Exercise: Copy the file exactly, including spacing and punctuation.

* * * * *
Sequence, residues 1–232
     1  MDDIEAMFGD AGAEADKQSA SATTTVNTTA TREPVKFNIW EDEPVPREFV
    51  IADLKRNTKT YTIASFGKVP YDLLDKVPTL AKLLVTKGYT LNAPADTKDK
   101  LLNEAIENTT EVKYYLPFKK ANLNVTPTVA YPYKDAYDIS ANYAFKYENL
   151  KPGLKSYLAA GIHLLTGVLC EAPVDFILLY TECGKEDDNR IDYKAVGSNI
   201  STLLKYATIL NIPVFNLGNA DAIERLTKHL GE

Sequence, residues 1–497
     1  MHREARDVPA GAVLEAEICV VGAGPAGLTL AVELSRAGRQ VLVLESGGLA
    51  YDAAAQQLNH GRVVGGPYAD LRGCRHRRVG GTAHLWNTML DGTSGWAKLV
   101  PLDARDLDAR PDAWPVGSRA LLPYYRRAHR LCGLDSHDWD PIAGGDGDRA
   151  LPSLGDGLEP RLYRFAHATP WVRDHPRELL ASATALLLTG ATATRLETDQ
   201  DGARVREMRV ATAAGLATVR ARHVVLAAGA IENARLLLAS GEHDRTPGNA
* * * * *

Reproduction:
Sequence, residues 1–232
     1  MDDIEAMFGD AGAEADKQSA SATTTVNTTA TREPVKFNIW EDEPVPREFV
    51  IADLKRNTKT YTIASFGKVP YDLLDKVPTL AKLLVTKGYT LNAPADTKDK
   101  LLNEAIENTT EVKYYLPFKK ANLNVTPTVA YPYKDAYDIS ANYAFKYENL
   151  KPGLKSYLAA GIHLLTGVLC EAPVDFILLY TECGKEDDNR IDYKAVGSNI
   201  STLLKYATIL NIPVFNLGNA DAIERLTKHL GE

Sequence, residues 1–497
     1  MHREARDVPA GAVLEAEICV VGAGPAGLTL AVELSRAGRQ VLVLESGGLA
    51  YDAAAQQLNH GRVVGGPYAD LRGCRHRRVG GTAHLWNTML DGTSGWAKLV
   101  PLDARDLDAR PDAWPVGSRA LLPYYRRAHR LCGLDSHDWD PIAGGDGDRA
   151  LPSLGDGLEP RLYRFAHATP WVRDHPRELL ASATALLLTG ATATRLETDQ
   201  DGARVREMRV ATAAGLATVR ARHVVLAAGA IENARLLLAS GEHDRTPGNA